That’s not to say that driving isn’t a blast, though. Master the handbrake and you’ve mastered driving in Steelport. Cars careen around corners with delightful ease and there’s nothing short of a brick wall that’ll stop your journey. There’s a healthy raft of helicopters, jet fighters and spaceships that open up Steelport’s vertical side, too. Leap from one of these airborne vehicles and you’ve always got a parachute handy and the sound of a police siren here heralds not chagrin, but a fancy new ride. Like Crackdown and Just Cause 2, Volition turn the cardinal act of traversal into its greatest asset. Getting around Steelport is rarely anything but a complete joy.

It’s the downtime that more often than not throws up Saints 3’s finest moments though – wandering through a twisted sex club or taking to the skies in a hover-bike. And there’s no shortage of distractions either, with collectibles aplenty and activities both new and old. These diversions have you, among many other things, rampaging through Steelport in a tank notching high-scores or committing insurance fraud by hurling yourself in front of speeding lorries – the lax physics turning a callous hit and run into one of the finest mini-games of recent memory.

Meanwhile, everything you do in Steelport is tied to a respect meter; Volition’s natty take on XP. Do a wheelie on a motorbike and expect respect. Kill a civilian: respect. Win an activity, complete a mission or buy some new clothes. Respect. You’ll happily engage with all the activities and diversions anyway because they’re each brilliant, but respect ties everything neatly together and adds an extra incentive to indulge in some of the wackier things like streaking, or surfing down the street on somebody’s face. Yeah.

The best thing though is there’s never any sense that Volition are putting aside the good stuff until later because everything is so extravagant. Take the pistol, for example. It’s tame like pistols are and in lue of something like a thing that launchers mind-controlling octopi, it doesn’t seem all that rousing. But with a little capital the familiar handgun can be mutated into two explosive-spitting hand cannons. That goes for everything. The most sluggardly vehicle can be pepped up with a nitrous system that transforms it into a tank, sans the turret. Anything unfortunate enough to clip wing-mirrors ignites instantly. Not fond of the cement mixer? A quick call and one of the Saints will appear with a new vehicle. And unlike Just Cause 2, you’re not shackled by funds (not that you’ll ever be short of money in The Third). You’re the leader of a crime syndicate, remember? Want a tank, take a tank. It’s yours.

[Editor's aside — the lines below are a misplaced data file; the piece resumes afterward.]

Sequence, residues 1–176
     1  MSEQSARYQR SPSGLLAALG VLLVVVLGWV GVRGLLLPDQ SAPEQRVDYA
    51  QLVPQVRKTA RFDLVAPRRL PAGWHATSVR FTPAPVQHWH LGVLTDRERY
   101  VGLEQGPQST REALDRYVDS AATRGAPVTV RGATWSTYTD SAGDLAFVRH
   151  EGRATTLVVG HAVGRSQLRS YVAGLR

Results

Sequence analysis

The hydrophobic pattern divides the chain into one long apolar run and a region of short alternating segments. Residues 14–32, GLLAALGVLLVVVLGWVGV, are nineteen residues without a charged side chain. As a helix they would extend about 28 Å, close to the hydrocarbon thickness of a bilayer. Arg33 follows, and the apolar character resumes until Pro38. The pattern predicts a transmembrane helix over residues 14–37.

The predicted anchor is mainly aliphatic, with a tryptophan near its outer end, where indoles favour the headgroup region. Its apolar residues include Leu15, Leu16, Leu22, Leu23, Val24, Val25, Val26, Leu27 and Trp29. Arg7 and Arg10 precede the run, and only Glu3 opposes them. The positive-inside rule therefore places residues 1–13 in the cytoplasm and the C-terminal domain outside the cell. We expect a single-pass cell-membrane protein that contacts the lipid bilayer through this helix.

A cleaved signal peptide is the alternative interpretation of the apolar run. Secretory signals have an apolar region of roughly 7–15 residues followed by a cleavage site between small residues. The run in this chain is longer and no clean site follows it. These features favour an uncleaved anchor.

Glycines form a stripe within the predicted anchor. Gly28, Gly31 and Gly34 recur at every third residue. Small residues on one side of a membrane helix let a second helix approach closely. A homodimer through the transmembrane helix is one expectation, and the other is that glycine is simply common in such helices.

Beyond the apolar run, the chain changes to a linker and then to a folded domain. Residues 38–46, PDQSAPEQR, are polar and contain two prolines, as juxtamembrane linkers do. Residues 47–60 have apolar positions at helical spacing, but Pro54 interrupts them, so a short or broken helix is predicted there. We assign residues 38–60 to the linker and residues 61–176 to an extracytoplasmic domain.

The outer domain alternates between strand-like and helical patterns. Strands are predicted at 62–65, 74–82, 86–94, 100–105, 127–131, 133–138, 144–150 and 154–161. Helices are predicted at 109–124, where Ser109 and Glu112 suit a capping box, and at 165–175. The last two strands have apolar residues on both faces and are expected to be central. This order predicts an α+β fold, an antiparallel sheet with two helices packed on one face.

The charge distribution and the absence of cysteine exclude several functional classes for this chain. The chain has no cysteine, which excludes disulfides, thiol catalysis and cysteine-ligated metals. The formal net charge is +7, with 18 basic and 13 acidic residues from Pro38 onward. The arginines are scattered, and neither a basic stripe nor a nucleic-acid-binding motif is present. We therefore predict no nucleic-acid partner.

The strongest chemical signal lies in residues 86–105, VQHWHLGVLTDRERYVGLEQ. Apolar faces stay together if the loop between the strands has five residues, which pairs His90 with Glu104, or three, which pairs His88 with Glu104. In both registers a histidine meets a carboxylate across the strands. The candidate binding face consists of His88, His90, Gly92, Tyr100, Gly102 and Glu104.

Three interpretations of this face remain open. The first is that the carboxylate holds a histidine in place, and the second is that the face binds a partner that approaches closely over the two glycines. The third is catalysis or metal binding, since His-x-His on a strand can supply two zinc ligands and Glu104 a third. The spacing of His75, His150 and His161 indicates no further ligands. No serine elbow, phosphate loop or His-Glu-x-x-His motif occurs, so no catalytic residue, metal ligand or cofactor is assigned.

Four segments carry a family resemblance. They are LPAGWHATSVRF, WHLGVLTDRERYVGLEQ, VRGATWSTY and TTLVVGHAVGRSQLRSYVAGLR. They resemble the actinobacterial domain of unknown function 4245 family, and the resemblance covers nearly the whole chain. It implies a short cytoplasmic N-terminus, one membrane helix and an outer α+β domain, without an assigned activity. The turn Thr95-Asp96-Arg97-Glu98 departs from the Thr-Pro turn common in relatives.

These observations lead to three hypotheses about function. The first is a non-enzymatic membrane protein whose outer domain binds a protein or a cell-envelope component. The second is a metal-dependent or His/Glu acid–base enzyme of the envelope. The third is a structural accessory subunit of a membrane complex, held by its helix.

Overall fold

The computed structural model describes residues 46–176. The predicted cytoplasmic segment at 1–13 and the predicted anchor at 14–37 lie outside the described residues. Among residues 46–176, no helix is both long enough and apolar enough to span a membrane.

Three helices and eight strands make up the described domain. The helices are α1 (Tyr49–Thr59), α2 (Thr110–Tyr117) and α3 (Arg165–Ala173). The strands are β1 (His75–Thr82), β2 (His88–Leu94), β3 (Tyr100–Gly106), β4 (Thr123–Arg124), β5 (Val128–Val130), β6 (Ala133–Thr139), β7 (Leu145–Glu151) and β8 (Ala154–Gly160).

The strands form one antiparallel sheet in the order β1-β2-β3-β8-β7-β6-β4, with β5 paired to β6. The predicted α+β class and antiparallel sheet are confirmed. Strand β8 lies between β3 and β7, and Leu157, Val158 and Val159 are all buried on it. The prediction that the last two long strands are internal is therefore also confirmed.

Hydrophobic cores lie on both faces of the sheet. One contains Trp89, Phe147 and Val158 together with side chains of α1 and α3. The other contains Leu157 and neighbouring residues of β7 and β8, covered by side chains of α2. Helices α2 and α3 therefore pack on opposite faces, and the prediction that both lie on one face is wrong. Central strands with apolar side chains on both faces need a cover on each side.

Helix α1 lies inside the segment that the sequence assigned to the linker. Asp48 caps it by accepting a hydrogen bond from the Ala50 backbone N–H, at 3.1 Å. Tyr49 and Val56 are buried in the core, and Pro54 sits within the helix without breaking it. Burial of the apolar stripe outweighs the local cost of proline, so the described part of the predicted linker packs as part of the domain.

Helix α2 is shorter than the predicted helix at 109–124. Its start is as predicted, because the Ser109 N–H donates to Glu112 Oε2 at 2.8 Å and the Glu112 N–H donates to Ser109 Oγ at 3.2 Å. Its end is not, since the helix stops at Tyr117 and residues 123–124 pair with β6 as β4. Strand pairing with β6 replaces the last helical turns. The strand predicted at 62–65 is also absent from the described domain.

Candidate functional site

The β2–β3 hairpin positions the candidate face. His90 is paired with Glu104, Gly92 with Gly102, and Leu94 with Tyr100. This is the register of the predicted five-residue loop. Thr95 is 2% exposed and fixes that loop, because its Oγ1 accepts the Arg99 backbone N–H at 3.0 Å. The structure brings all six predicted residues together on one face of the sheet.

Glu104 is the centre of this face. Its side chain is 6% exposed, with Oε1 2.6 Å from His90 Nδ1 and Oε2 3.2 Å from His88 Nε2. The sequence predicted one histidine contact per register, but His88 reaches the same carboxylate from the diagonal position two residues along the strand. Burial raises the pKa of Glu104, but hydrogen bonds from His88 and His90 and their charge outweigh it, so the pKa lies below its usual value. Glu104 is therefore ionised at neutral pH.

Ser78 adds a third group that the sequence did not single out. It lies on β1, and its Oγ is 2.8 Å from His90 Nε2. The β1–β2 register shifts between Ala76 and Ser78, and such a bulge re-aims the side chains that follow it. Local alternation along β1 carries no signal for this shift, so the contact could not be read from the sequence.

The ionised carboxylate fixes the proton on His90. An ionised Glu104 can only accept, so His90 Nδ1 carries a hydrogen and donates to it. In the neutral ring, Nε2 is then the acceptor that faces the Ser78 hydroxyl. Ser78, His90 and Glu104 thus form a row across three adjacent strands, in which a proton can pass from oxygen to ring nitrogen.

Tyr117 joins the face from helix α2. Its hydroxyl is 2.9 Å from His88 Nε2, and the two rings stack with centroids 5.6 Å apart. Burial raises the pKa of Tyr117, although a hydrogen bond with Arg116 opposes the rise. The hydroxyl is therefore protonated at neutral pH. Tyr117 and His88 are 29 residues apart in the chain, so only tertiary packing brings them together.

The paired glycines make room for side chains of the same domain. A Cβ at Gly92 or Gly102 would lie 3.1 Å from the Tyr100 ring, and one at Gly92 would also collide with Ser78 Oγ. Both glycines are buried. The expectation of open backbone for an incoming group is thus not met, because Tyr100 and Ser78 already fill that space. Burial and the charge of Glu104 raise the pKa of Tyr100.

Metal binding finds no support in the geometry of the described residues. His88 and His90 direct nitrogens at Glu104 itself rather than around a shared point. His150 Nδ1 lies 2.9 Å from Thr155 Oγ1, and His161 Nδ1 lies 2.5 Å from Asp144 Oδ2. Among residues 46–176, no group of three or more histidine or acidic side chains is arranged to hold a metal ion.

Like no other game since the original Crackdown, Saints Row: The Third instils that empowering and utterly irresistible sense of authority. Steelport is your playground.


Leave a Reply

Fill in your details below or click an icon to log in: Logo

You are commenting using your account. Log Out /  Change )

Google+ photo

You are commenting using your Google+ account. Log Out /  Change )

Twitter picture

You are commenting using your Twitter account. Log Out /  Change )

Facebook photo

You are commenting using your Facebook account. Log Out /  Change )

Connecting to %s

%d bloggers like this: